dig a hole on Tuesday then fill it back in on Wednesday. Wash, Rinse and repeat but the market isn't going to pay them for it because there's no value in digging a hole and filling it in....

This idea that we should preserve obsolete jobs is just Welfare with extra steps.

The reality is
that machines are increasingly doing work that humans once did. That's not going to change. We need to accept reality or suffer the consequences. As Ivanka Trump has said 'Find something new'. The harsh reality is that 'new' thing you find to provide self worth may not come with an income. We need to decouple jobs and income.
 
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tes-s

Active Member
Oct 6, 2013
2,927
3,840
CT
This idea that we should preserve obsolete jobs is just Welfare with extra steps.
Of course we should not do that. Never have. No more buggy whip manufacturers, are there? So far, there have always been new jobs as old ones became obsolete. As recently as a year ago there were more jobs than workers to fill them. We are not running out of jobs for people to do.

100 years ago there were a lot of farmers and no computer programmers.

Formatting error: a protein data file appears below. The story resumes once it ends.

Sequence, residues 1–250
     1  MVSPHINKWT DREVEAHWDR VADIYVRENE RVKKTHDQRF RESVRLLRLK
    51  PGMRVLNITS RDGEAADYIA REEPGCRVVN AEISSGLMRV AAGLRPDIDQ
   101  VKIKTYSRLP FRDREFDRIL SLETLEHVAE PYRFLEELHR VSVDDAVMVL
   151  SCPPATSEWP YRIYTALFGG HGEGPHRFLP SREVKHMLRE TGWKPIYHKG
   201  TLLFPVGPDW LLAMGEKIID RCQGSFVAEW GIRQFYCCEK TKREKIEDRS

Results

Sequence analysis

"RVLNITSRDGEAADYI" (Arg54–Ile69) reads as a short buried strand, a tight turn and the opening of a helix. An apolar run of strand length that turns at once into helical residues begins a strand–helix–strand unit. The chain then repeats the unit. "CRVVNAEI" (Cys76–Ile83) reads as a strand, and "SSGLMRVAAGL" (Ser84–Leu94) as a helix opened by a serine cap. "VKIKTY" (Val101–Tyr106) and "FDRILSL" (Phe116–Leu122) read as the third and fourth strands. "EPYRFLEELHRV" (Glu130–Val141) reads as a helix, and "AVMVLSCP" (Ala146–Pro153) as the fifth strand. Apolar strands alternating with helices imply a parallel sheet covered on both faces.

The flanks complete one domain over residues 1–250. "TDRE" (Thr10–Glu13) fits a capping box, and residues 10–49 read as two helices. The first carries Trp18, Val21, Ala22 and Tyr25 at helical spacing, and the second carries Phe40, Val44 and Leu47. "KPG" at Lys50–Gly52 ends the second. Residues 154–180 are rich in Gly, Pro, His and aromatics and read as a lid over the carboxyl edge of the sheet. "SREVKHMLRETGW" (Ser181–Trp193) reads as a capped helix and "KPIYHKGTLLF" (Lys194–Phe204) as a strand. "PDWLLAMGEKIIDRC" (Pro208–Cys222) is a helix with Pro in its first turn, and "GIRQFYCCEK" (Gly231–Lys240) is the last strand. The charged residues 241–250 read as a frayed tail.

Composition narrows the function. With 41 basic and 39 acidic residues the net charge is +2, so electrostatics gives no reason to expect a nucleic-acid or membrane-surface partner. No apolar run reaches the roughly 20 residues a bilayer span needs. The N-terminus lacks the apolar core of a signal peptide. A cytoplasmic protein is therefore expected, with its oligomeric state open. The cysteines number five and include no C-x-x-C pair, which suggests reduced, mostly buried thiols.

We do provide basic income for those that need it. Dozens of welfare programs.

Well, at least we agreed on something - the 1,000,000 jobs that will be created by transition to electric vehicles is politics, not reality.
 
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nwdiver

Well-Known Member
Feb 17, 2013
8,466
11,667
United States
Of course we should not do that. Never have.

Really? Oh you sweet summer child. Here's one of many examples...

Rules to keep coal-fired power plants burning in Wyoming are expected soon

Another recent example is all the nuclear bailouts flying around. It's easy to couch language as preserving 'baseload' and there are always going to be other rationales but the end result is the same. Spend more $$$ to accomplish less per $ so more people are employed.